I was among those who were shocked and thoroughly dismayed by the report that Eliot Spitzer had been busted for frequenting a prostitution service. I also should admit that dismay can turn to laughter very quickly when you start following the story in the blogosphere, not least at the Wonkette. If you go there, you can peruse some of the advertisements from the Guv’s high end whore house, otherwise known as The Emperor’s Club. (Did someone forget to tell Eliot that he’s a governor, not an emperor?) Spitzer deserves to be the the butt of every single joke that is made in the next year, but that’s not why I’m writing today.
As usual, some bystanders will have been hurt as well. If Hillary Clinton is one of them, you can understand why she might be really, really tired of this kind of news. Tired of, but not as sad as Silda Spitzer.
Photojournalism provides a record of the art, rituals, and performances of political theater. This photo is one of many that we can classify as portraits of the political wife. I saw the image for the first time yesterday afternoon and it stayed with me through the rest of the day and into the evening. Whenever I thought of some aspect of the scandal, I soon would be back to her standing there, taking the hit. Eyes down, hands behind her back, face and neck exposed to the camera’s glare, she is a picture of vulnerability. The contrast with him is all too telling: his stance remains combative, and although caught in the glare of publicity he’s still maneuvering, still fending off his opponents while protected by a lecturn that bears the great seal like a shield.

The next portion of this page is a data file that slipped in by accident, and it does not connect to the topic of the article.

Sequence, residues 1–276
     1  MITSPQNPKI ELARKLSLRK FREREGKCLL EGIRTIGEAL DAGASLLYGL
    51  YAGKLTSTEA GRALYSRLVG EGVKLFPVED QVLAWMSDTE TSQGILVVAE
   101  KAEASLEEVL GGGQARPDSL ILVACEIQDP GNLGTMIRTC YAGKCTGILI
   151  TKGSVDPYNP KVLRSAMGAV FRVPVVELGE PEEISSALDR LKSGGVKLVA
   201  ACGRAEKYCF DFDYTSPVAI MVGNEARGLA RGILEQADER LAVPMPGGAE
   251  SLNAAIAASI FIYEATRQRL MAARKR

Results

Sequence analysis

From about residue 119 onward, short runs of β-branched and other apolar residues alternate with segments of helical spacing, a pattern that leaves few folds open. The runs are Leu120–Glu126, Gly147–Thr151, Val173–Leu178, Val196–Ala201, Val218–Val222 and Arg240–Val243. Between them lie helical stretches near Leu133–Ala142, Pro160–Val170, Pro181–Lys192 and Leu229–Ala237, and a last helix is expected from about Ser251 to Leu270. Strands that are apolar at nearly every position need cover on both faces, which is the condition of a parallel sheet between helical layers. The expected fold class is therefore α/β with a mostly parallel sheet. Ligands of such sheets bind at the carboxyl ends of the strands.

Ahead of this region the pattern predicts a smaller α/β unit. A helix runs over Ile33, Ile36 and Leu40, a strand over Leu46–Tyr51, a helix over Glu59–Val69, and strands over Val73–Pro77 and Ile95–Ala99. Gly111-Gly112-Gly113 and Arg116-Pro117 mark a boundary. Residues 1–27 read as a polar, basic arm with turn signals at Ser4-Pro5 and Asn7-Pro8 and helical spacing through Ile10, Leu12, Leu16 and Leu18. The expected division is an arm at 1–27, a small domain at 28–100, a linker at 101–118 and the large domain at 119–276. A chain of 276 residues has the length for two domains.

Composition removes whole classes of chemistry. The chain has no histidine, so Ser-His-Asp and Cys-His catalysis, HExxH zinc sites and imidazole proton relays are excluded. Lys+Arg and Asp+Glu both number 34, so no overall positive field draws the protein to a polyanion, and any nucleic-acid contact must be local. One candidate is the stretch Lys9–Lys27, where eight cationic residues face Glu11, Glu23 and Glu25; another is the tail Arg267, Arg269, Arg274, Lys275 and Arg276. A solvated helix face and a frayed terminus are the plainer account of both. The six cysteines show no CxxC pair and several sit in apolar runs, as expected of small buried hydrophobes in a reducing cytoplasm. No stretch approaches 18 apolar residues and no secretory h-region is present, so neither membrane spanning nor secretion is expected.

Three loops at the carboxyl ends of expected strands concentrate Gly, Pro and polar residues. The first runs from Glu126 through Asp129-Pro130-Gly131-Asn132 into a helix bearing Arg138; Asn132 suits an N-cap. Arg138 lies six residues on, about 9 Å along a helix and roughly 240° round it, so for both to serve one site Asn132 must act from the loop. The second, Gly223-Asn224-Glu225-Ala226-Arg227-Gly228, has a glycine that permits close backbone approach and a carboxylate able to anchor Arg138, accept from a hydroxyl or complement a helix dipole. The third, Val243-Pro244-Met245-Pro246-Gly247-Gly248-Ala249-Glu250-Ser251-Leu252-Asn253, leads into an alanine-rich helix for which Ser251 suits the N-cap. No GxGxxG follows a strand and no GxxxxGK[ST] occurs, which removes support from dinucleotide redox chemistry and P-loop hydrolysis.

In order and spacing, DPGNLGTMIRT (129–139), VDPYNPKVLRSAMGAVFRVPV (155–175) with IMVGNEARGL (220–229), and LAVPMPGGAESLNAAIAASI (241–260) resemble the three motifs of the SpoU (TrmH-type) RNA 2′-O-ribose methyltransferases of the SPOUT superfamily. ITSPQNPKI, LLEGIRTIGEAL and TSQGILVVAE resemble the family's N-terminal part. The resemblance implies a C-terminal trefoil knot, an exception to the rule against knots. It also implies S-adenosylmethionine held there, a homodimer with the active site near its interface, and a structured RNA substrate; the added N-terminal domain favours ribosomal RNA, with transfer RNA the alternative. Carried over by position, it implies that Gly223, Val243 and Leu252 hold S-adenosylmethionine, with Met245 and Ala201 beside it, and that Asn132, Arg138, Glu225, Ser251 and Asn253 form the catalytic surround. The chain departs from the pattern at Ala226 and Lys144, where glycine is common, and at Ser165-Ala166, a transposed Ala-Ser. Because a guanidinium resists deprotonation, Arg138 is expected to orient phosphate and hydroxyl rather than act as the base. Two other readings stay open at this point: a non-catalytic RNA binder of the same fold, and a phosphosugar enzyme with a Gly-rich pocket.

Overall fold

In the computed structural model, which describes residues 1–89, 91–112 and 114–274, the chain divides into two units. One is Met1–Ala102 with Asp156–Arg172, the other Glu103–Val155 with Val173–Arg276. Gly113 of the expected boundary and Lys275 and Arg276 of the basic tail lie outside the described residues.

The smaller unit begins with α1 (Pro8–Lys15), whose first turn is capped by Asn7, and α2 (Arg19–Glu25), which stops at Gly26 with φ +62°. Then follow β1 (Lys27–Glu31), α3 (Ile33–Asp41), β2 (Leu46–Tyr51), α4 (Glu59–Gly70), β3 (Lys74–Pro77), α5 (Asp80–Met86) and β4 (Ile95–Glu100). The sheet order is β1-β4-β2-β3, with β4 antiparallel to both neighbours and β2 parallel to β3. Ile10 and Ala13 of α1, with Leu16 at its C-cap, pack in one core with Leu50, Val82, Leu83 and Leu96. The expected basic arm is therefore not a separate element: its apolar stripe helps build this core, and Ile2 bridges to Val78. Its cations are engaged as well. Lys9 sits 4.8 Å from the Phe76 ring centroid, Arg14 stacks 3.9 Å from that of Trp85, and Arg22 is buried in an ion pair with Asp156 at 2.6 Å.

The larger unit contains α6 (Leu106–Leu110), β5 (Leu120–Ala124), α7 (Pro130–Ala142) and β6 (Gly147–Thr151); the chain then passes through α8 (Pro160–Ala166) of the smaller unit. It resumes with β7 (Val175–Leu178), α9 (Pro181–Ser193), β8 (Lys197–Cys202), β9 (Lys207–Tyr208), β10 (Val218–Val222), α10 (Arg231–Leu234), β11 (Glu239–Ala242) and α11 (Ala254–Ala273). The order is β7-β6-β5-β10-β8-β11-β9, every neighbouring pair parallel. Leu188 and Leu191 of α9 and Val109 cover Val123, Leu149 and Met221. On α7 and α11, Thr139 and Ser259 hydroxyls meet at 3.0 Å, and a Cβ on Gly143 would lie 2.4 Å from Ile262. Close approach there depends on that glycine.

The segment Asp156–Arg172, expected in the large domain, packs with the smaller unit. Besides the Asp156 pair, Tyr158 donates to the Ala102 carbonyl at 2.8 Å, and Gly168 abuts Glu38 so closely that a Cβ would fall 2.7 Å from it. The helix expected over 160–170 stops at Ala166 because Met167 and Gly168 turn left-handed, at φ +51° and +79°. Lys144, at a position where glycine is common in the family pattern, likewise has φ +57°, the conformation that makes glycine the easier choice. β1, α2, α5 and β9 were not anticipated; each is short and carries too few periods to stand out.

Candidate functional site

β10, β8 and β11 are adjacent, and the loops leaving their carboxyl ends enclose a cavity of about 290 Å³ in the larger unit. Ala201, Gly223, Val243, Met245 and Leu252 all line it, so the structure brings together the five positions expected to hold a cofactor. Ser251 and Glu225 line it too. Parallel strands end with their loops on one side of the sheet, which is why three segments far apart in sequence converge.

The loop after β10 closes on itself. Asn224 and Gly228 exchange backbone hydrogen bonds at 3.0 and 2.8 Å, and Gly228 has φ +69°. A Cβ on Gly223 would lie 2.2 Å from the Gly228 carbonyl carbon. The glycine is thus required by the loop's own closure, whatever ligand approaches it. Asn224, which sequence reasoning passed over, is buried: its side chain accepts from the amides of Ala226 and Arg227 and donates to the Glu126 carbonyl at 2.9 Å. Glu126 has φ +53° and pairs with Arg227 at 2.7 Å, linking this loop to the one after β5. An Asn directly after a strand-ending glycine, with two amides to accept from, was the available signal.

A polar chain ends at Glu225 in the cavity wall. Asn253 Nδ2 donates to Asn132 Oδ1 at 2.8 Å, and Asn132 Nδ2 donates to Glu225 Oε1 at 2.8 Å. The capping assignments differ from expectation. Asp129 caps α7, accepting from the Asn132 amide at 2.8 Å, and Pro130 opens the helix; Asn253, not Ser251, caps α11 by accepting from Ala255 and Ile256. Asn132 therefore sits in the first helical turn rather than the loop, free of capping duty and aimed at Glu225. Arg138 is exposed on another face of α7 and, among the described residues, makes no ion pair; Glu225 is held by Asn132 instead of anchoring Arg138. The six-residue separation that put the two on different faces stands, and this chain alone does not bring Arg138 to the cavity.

Although close beside him, she appears to be a study in isolation. She could be a statue, and one that surely would be able to represent not only loss and grief but also duty and loyalty. That probably should be admired for what it is; I also look forward to the day when the ritual changes and the emperor has to stand there alone. But that is not this day. She has chosen to stand beside him, however far away she may wish to be. Her response is not to fight back but to reflect, perhaps to think about how she got here, or what she still can hold on to, or just to remember better days. Perhaps she might be remembering a day like this:
She’s even wearing the same pearls.
Photographs by Patrick Andrade/New York Times; Jim McKnight/Associated Press.